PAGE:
Can Divisions be Avoided?

In an earlier post I noted an observation that church divisions carry with them the seeds of divisions to follow.  Perhaps an outsider should be asked to research the nature of this trait.

To this 89 year old there appears  to be a human need to set boundaries. make laws and require that anyone who breaks the law must be criminalized.

This may be the demon that troubles the church.  I once heard the phenomena described like this: after a decision to move ahead had been made by the group, a brother rose from his seat, took his black hat off the hook on the wall and walked out the door, never to return. This disorderly trait can be traced back to the Amish and Mennonite division.

In the beginning, Anabaptist believers formed a covenant community with requirements and a boundary. They disagreed on how to deal with one who varied from a requirement. There is an Amish way and a Mennonite way.  Much can be learned from  Cindy Woodsmall,   an outsider that blogs about the divisions among us.


Is this the seed of the next division in our DNA?

Today, some good people leave the Mennonite Church USA because  it requires too much, and other good people leave MCUSA because it requires too little.  This poses a dilemma for leadership. How can leaders lead without losing members?

Ted Grimsrud is an insider who has labored long over the probable end of the MCUSA as an institution. As I understand him, Grimsrud urges MCUSA to allow those who disagree with it to “self select” to be outsiders and set boundaries and requirements of their own. This will allow MCUSA to pursue single mindedly the mission of Jesus in the world.

GrimsrudThe Evangelical Anabaptist Network EVANA is trying not to be divisive though it identifies two groups of anabaptists – traditionalists and progressives.  EVANA promises to allow member congregations to belong to both EVANA (traditionalists) and MCUSA (progressives).  In the mind of the Old Fool,  EVANA likely carries with it the same divisive seed that is disturbing its relationship with MCUSA.

The Lancaster Conference is struggling to maintain an identity that is both traditional and progressive.  Fifty two leaders in that conference have proposed a radical center in a courageous attempt to hold the conference together.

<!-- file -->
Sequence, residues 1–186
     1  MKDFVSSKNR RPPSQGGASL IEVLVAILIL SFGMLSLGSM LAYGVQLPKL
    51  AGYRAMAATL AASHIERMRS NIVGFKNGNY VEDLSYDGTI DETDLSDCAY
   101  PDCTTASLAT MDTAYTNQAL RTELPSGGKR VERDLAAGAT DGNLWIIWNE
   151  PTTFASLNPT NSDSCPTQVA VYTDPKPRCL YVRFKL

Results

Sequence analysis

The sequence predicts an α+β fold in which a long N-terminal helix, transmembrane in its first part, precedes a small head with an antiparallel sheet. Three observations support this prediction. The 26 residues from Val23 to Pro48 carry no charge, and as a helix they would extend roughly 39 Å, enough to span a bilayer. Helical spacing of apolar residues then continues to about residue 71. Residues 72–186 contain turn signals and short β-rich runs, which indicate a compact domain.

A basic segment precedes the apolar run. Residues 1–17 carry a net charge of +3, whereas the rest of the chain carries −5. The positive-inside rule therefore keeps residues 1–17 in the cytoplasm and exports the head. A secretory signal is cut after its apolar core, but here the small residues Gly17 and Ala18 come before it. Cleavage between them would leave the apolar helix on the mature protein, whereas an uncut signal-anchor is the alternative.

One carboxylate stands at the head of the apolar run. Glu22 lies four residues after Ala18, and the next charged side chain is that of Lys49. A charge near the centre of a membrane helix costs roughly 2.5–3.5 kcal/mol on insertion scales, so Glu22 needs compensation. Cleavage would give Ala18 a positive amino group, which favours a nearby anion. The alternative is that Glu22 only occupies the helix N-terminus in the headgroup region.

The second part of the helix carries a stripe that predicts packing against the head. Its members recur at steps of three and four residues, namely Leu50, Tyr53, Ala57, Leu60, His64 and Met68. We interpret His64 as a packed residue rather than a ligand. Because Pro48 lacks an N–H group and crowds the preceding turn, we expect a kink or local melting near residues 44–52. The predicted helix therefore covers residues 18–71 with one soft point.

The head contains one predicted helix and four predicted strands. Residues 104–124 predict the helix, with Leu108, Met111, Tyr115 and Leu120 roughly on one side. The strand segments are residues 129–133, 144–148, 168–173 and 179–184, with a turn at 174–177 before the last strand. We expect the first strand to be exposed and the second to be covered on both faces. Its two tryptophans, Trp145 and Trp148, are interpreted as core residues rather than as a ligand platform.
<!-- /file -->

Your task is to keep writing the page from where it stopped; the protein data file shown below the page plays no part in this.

EVANA, MCUSA and the radical center within Lancaster Conference assert their loyalty to the 1965 Confession of Faith from a Mennonite Perspective. Yet I fear that each carries with it the damaging seed that assures division. Each seems to be like the church described in I Corinthians 3:1-3

It is the Old Fool’s opinion that division is not as unavoidable as death. Division is an illness that can be healed by repenting from ungraceful, unmerciful and unpeaceful behaviors.  Is not repentance within our human capabilities?    And can we not adopt the simple A B C behaviors of faith, such as grace, mercy and peace?

About Martin Lehman

I was born 92 years ago, the son of a Mennonite pastor and organic gardener in Franklin County, Pennsylvania. At age 10 I was baptized as a member of the Marion Mennonite Church. I own the "Old Fool" moniker because I want to walk the Jesus Way even though the world and much of the church takes me as a fool for doing so. In my life I have moved from being a young conservative to an elderly radical. I tell that story in My Faith Journey posted on my website.
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5 Responses to Can Divisions be Avoided?

  1. Freda Zehr says:

    I agree with you Martin. It reminds me of how Vernon and I were asked to leave the conservative conference when we had our little city church in Wilmington because we could not get the people to dress plain. Lancaster conference accepted us with open arms, I can still see Chester Wenger, a man after Gods own heart in my mind, sitting around our kitchen table with Vernon as we discussed the matter. He has always had a special place in my heart as a result of that. Now, these fifty some years later, the conservative conference is very liberal in its dress and hair code—we would have fit right in. I cannot help but think that is how it will be in years to come with some of these other issues. God bless you Martin.
    PS, martin I am in the proscess of moving to Harrisonburg va, looking through my old home movies, still haven’t come across that one with you and your wife and daughter and grandchildren at the Kennels at the Mennolink reunions. I know I will find it and make a copy for you.

  2. Nate Lehman says:

    I can’t help but ask, what would Jesus do, before he became a christian of course?

  3. harold Bauman says:

    Martin, if we say we follow Jesus, why don’t we follow his deepest prayer, aside from his deliverance from his cross, the night he was betrayed? He prayed that the disciples would have unity as he and the father had unity. What if our highest priority were Jesus’ highest priority? Would there be any divisions? See my letter to the editor in the June 8 issue of the Mennonite World Review and you can respond to it.

  4. Raymond Martin says:

    I just want to ask Nate when it was that Jesus became a Christian.

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